James Robert Russell CC '74 (1953 - ) is a professor of Armenian Studies at Harvard. A distinguished alumnus of Columbia College, he is undoubtedly one of the foremost scholars of Armenian history and culture in the world. Despite this, Russell has been repeatedly denied tenured appointment by Columbia's MEALAC department, probably for political reasons. While at Harvard, Russell has nevertheless fought to introduce a Great Books curriculum, in the model of Columbia's Core.
Russell was born and raised in northern Manhattan and attended Bronx High School of Science. He entered Columbia College in 1971 as a John Jay Scholar, was informed at the close of his freshman year that he was to be a junior the following year, and graduated salutatorian and summa cum laude in the Class of 1974. Part of his salutatory address was delivered in ancient Armenian. During his time at Columbia, he was a student of Professors Nina Garsoian andWm. Theodore de Bary. He delivered, by almost all accounts, a unique salutatory address, where he spoke at length on his research into Armenian mysticism.
Following his time at Columbia, he obtained a B.Litt. (the equivalent of an MA) at Oxford on the Kellett Fellowship, and his PhD at the School of Oriental and African Studies at the University of London in 1982.
Nobody knows how many languages Russell knows. When questioned himself, Russell claims it is not important and he doesn't keep track. Most people estimate at least 20. People have verified his fluency and literacy in English, Mandarin Chinese, Persian, Russian and several other Slavic languages, Hebrew, several Armenian dialects, Turkish, and Greek (both ancient and modern).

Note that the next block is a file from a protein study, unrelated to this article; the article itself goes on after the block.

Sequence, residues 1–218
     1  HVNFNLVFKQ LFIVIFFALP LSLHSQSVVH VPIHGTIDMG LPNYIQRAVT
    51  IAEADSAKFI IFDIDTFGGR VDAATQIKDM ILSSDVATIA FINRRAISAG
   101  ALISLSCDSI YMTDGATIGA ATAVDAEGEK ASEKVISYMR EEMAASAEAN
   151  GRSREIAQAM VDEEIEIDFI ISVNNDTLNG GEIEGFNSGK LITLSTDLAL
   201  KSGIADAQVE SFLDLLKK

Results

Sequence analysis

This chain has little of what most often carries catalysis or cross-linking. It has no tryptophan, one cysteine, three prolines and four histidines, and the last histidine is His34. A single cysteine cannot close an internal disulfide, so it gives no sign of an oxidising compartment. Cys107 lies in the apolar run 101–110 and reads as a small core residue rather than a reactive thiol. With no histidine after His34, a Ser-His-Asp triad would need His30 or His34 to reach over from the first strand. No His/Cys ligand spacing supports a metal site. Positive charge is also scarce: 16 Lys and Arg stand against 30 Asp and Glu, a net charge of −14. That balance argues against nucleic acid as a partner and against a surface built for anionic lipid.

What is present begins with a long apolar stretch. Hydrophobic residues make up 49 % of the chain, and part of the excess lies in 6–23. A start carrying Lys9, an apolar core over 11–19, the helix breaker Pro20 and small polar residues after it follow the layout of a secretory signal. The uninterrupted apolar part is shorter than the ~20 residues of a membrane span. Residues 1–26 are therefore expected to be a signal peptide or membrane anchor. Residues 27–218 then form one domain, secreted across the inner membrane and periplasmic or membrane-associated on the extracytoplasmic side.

Russell's range of knowledge is so extensive and, in some cases, obscure, that Adam Wheeler, a huckster famous for lying his way in, and through Harvard, copied several of Russell's conference talk topics onto his famously outrageous fabricated resume.
Teaching Career at Columbia
Russell joined the Columbia faculty shortly after earning his PhD, teaching Armenian language and culture as well as ancient Iranian languages in the MEALAC department. His passion, however, was teaching undergraduates in the Core Curriculum, especially Lit Hum. He is noted for inviting students up to his apartment near Fort Tyron Park, where he would cook, entertain, and discuss every topic at hand. Russell's Lit Hum sections quickly became some of the most highly-sought-after courses at Columbia College in the 1980s.
Denial of Tenure by MEALAC
Russell was denied tenure in 1992, a decision he attributes to the steadily politicizing MEALAC department. During a 1992-93 stint as a Visiting Professor at the Hebrew University of Jerusalem, Russell was offered the Mashtots Chair in Armenian Studies at Harvard in 1993, the oldest and most prestigious Armenian professorship in the country.
Teaching Career at Harvard
While at Harvard, Russell brought Lit Hum with him . He taught a two-semester freshman seminar course titled, literally, "Literature Humanities", that lays out in its syllabus that it is a direct adaptation of its Columbia counterpart. The course was, by far, the most highly-sought after freshman seminar on offer at Harvard, and over 100 students each semester competed for 15 spots, and Russell insisted on interviewing every single one of them in person.